Troubleshooting Help Wanted.

Simon Clowes

Mar 25, 2021
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1999 Expy 175000 miles on clock. 5.4l V8.
1) Sudden need to use extra RPM to maintain speed on slopes that did not previously need it, often causing a downshift.

2) Slight drop in overall mpg - approx 2.5 mpg.

3) High pitched whistle that only seems to be there on acceleration.

4) Intermittent loss of oil but no visible sign of leak. I can several weeks (approx 300 mile per week) with no loss then next couple of weeks go thru a quart a week then back to no loss.

I am aware these may well be separate issues but they all showed at about the same time.

I have checked transmission fluid - good level and colour. confirmed is switching into OD. Inspected for oil leaks both engine off and running. No observe burnt oil in exhaust.

At this stage I am head scratching


Active Member
Jun 25, 2017
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This is going to sound a bit strange, but has the throttle body every been cleaned?
The reason I ask is that a dirty throttle body will 'mimic' other types of issues. I don't know if the throttle body of first generations are electronic or not. When the electronic throttle bodies become caked with carbon, especially on the 'backside' which cannot be seen nor cleaned well without removing. The PCM receives incorrect data on the position of the butterfly and CAN make all kinds of weird adjustments, including transmission shift points.

Again, not sure on first generations, but there is sometimes a 'bypass' that allows air into the intake manifold. If the butterfly is malfunctioning, the whistling noise could be air flowing through the bypass.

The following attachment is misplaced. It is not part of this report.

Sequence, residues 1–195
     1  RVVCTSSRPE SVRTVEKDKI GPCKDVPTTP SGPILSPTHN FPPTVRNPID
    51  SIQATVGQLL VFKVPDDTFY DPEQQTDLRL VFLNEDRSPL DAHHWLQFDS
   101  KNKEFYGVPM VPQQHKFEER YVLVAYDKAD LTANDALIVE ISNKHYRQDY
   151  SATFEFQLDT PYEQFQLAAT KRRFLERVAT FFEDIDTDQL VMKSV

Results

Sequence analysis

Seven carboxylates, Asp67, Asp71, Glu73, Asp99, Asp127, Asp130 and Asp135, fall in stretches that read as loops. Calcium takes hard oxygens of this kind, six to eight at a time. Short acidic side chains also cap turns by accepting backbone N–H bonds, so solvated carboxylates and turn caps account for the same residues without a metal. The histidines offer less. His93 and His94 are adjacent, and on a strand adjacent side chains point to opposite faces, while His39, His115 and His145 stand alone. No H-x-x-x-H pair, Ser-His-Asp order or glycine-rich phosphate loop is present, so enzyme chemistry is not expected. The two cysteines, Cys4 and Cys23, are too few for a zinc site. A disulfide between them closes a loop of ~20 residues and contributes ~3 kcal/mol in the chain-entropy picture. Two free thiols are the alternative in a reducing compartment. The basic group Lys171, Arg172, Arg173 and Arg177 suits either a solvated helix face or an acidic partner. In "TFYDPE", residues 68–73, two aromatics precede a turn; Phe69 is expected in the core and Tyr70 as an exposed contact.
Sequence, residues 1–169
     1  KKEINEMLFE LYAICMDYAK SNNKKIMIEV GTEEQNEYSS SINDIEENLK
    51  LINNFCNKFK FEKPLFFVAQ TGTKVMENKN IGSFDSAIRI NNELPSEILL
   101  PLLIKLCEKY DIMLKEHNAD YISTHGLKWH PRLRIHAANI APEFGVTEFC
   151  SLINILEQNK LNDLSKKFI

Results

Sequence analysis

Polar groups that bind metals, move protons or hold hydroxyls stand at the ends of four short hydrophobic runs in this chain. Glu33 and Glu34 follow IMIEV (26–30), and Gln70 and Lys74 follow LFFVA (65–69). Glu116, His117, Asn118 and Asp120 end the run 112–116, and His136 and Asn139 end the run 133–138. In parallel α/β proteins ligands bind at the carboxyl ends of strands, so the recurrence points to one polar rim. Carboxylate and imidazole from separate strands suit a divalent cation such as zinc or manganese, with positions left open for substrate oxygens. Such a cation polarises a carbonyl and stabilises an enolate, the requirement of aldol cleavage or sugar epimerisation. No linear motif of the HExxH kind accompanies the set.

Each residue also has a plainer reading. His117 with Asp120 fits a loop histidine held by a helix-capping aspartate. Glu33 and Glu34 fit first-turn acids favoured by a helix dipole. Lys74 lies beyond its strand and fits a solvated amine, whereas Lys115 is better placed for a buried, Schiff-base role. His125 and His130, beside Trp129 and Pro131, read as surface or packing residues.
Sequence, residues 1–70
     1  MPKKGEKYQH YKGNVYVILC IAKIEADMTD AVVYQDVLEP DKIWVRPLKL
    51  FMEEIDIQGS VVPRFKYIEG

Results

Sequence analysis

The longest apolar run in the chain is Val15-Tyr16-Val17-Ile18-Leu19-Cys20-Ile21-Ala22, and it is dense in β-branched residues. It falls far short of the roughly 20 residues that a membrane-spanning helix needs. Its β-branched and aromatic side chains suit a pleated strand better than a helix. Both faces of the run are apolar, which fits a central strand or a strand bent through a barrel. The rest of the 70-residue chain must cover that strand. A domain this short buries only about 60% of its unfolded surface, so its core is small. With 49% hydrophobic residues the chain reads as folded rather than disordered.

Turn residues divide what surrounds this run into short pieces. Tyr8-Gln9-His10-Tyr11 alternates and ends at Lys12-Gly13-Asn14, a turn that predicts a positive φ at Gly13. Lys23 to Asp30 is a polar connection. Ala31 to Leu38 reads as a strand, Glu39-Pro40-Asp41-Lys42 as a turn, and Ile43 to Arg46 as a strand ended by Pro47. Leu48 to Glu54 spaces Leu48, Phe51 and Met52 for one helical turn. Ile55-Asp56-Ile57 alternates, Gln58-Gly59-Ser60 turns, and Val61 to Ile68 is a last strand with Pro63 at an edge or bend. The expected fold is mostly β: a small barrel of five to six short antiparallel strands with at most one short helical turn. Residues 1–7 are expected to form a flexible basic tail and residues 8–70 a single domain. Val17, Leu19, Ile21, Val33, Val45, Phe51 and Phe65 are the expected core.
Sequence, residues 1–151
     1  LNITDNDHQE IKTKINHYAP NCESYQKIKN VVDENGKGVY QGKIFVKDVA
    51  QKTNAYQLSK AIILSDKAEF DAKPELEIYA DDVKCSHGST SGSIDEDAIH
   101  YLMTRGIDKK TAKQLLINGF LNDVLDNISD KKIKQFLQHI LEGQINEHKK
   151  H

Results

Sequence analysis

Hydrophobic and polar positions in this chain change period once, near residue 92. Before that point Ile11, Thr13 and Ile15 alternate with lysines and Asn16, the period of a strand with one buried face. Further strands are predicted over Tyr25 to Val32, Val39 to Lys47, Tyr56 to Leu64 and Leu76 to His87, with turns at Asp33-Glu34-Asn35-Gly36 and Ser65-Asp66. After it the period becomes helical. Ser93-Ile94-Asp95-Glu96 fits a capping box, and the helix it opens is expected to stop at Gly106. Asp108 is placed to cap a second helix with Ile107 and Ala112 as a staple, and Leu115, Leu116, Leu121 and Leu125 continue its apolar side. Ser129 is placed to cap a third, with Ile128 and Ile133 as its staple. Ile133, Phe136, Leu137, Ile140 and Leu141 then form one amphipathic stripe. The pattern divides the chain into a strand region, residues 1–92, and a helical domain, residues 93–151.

As for loss of oil with no visible leak(s) part of the function of the EGR is to 'reburn' emission gases, from exhaust and the crank case. The EGR routes those gases into the throttle body. Its POSSIBLE that excessive oil is making its way through the PCV and into the throttle body.

My first step would be to remove, inspect and clean the throttle body. Once cleaned and reinstalled, I'd clear the PCM of the data for throttle position and shift points. This can be achieved the hardway with a scan tool such as ForScan or shorting out the capacitors via grounding the positive battery terminal. There are several videos on YouTube detailing how to do this. Basically remove the negative terminal from the battery and cover the negative post with a rag. The negative battery cable CANNOT come in contact with the battery during this procedure. Take a piece of wire and run it from the positive battery cable to the ground CABLE, not ground battery post. Leave in contact for about a minute to allow the capacitors to drain. This will 'delete' the memory. Hook the battery back up correctly and start the truck. Allow the truck to reach operating temperature and drive 'normally' for 20 minutes or so. The PCM will 'relearn' the throttle body positions and the shift points.

Robert A

May 2, 2012
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Corpus Christi, Texas
Check to see if your PCV valve is gummed up, then check how soft the PCV hose is...might be collapsing under vacuum.
this is spot on after months of struggling with COPs, plug change and 1 fuel injector replacing the PCV and cleaning the throttle body again took care of intermittent sputtering and loss of acceleration.

2000 Expedition XLT 4.6 aka "Big Red"

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